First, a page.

Unlike some observers of the duke and duchess of Cambridge, I am not, to borrow the easy grammar of a Globe and Mail columnist, “conflicted” by royalty. I’m often ambivalent about eating another chocolate biscuit and I certainly have conflicting feelings about whether to get another dog since my husband has said one more and he’s building a house for people, but a constitutional monarchy isn’t something that bothers me. As an organizing principle of society compared to religion or tribal rule it looks harmless.
Royalty may irritate some female columnists given the infernally good-looking crop of princesses these days, all of them young, size four and about six feet tall. As if it were not enough to be sporting about the stunning former Miss Kate Middleton, now we have the wincingly gorgeous South African champion swimmer Charlene Wittstock beaming next to new husband Prince Albert II of Monaco. I saw their wedding announcement in last Sunday’s New York Times.
The Monaco royal marriage did not get the featured spot in the Times’ wedding section, which is called “Vows” and is ever a gold mine of joyous moments in courtship. This week’s “Vows” was given over to Laura Hwang, a classical viola player and former cashier at Blue Apron Foods in Brooklyn who married Steve Rosenbush, a business writer. Steve had to spend up to $100 a visit getting to know Laura because obviously it’s tricky to chat up a cashier with an impatient lineup behind you. They were married by a Universal Life minister, an unfamiliar denomination but apparently used by almost every American Jewish person who marries a non-Jewish person.
The Times announcement of the Monaco wedding was formal, lacking romantic little moments about how when Albert saw her in a swimsuit he knew she was the right stuff and proper future mother of his children—unlike previous flings who have given him two illegitimate ones, possibly a third if DNA tests confirm. (This may have something to do with Charlene’s reported attempts to flee Monaco before the ceremony.) Instead, we had the bride saying she “felt a profound sense of destiny” on meeting Albert, which sounds like George Bush declaiming on a battleship, and Albert reciprocating with “I know the Monegasque population was waiting for this moment,” about as romantic as a BBC announcer covering a royal ship christening. Is this a marriage of convenience or not? At stake here is procreation: the Monegasque constitution requires legitimate heirs and Charlene is clearly the chosen broodmare just as Diana Spencer was for Prince Charles. The New York Times writers were clearly in a royal swoon as well: the Grimaldis are an old distinguished Genoese family who had a good sideline in piracy but had not, as the Times asserted, “held the throne of Monaco since 1297.” They didn’t get continuous control until the 15th century.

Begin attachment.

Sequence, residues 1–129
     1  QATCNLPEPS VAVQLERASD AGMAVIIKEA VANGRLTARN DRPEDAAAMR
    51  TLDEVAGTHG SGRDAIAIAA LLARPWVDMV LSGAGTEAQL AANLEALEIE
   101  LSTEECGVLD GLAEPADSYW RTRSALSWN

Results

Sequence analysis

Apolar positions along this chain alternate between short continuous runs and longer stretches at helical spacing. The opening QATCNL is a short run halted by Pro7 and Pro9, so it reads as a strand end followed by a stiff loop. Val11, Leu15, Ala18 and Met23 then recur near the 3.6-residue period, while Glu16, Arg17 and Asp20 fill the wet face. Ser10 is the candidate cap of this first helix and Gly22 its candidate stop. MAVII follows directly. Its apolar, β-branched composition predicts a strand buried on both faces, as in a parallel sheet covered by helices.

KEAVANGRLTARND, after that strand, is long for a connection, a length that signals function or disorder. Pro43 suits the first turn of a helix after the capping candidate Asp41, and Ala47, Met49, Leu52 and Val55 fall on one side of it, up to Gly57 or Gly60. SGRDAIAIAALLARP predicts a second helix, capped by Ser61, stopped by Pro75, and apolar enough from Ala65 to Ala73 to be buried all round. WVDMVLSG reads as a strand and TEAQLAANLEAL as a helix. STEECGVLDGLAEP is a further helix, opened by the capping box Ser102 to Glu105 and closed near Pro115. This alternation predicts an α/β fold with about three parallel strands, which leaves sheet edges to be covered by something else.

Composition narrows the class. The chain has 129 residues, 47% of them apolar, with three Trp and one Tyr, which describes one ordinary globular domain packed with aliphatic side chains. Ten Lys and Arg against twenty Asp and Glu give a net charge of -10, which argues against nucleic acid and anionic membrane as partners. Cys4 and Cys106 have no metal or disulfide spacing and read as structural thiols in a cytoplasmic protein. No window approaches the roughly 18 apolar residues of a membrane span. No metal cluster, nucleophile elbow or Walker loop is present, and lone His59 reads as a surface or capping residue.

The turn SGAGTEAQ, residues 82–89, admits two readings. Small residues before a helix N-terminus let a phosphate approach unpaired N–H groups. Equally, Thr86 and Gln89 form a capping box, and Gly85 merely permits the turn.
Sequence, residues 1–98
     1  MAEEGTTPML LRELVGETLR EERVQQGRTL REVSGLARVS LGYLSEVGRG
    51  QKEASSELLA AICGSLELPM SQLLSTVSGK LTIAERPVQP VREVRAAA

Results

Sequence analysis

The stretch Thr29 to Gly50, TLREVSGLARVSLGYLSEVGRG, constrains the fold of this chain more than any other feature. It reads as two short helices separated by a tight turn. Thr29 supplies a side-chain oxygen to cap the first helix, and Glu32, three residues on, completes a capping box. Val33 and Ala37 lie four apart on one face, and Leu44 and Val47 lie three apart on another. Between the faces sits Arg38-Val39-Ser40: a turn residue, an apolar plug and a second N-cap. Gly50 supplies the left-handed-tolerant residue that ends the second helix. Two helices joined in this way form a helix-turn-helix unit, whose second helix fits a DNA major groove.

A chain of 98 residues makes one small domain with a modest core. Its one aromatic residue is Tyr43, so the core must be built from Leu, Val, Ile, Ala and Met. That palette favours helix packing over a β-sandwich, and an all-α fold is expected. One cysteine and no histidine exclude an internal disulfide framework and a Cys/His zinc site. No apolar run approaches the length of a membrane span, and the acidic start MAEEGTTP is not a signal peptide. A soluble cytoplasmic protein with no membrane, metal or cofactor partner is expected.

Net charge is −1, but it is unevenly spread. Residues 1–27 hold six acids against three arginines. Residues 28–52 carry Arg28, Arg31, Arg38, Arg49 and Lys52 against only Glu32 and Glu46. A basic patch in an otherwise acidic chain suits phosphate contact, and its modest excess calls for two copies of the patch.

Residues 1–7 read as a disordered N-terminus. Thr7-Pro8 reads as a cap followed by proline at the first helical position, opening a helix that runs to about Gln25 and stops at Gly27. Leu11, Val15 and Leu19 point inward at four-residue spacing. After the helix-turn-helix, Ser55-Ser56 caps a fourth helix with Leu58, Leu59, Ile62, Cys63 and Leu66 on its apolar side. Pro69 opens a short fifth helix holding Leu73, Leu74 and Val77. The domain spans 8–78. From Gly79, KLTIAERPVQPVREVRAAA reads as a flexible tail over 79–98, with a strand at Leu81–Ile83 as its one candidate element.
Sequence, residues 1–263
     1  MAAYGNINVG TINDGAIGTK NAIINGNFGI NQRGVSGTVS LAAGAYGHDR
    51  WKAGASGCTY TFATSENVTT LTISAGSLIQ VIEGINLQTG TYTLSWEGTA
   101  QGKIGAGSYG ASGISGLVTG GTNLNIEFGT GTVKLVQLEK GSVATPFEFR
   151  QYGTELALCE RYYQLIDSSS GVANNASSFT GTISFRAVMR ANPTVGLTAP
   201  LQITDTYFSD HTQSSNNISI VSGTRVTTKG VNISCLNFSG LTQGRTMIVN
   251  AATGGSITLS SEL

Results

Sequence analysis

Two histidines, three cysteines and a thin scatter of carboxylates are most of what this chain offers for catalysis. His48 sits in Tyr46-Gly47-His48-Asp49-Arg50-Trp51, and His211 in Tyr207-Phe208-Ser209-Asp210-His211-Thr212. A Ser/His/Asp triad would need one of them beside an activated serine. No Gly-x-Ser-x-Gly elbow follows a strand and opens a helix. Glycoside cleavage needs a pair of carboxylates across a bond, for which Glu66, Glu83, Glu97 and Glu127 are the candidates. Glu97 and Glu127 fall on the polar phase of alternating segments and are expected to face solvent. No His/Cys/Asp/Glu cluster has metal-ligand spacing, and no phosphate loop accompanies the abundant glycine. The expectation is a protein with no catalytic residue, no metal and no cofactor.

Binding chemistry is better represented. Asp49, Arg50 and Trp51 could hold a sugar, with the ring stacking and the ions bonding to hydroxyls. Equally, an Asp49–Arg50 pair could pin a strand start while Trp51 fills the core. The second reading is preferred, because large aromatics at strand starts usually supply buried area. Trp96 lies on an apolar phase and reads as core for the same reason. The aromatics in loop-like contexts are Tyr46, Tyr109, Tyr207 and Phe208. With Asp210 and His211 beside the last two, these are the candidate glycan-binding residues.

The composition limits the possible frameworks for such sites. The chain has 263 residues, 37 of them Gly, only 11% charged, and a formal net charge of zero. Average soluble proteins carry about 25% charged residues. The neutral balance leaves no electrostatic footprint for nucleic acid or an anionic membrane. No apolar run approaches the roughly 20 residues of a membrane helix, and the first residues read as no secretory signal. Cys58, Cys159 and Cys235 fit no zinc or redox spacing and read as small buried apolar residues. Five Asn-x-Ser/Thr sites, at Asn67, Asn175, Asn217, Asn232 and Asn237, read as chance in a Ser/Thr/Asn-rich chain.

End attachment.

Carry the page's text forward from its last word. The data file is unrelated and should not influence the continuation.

Broodmares have been important to both aristocracy and monarchy. It’s a sorry role that jewels may not alleviate. When love is actually part of the equation and sperm and egg either do not meet or produce an XX instead of an XY chromosome, it’s heartbreak. Love gets ruthlessly squashed, as with Princess Soraya of Iran, who got a marriage decorated with 1.5 tonnes of flowers but couldn’t give the shah a male heir. His tears and hers did however beget a French hit pop song, “Je veux pleurer comme Soraya.”
The Japanese monarchy had official concubines to solve matters—far kinder than Henry VIII’s off-with-their-head approach. The concubine became a litmus test of who was to blame for the barren marriage bed: not one concubine pregnant and clearly the emperor’s bits were wonky. That allowed for a backup called a princely “collateral” family to produce heirs. When concubines and collateral families disappeared from Japan, the old pressures returned. In 2004, Harvard-educated Japanese Crown Princess Masako, then 41, under pressure to produce a male heir, was smitten with an “adjustment disorder.”
During Europe’s early Renaissance, mistresses and bastards were all part of the family, giving lots of good candidates to inherit the title. This flexibility led to some odd situations in the various succession battles. During the 14th and 15th centuries, the House of Este (that later produced the Hanoverian line of British monarchs) was ruled for 150 years by only illegitimate princes, causing Pope Pius II to quip, “It is an extraordinary thing about that family…the sons of their mistresses have been so much more fortunate than those of their wives.” This cozy solution was eroded as the Church’s ability to legitimize heirs was sharply reduced. Gossipy historian John Julius Norwich, who knows absolutely everything about anyone in Venice, remarks on the 100 years from 1675 to 1775 in which, out of Venice’s 14 doges, only four ever married. By the 18th century, 66 per cent of Venetian male aristocrats were single, which probably accounts for the large number of courtesans working the canals. This increased bachelorhood was a pecuniary calculation—keep the money in the family by allowing only one son to marry—a mercenary variant on China’s one-child policy. Tough on Venetian upper-class females who, given the husband deficit, had no choice but to get to a nunnery.
Only this week, the duchess of Cambridge mentioned that she hoped to have a family, which got the British press in an uproar over “broody Kate.” If she can put on a bit of weight and avoid amenorrhea (at the nasty expense of going up dress sizes), she’ll probably have no problem conceiving. Of course, the British monarchy has always adapted to circumstance, whether by importing foreign monarchs or discarding infertile ones. If necessary, I wouldn’t be surprised if they extended the broodmare concept to embrace surrogate motherhood. Whatever works. Lotsa luck Kate. Enjoy those bandage dresses while you can.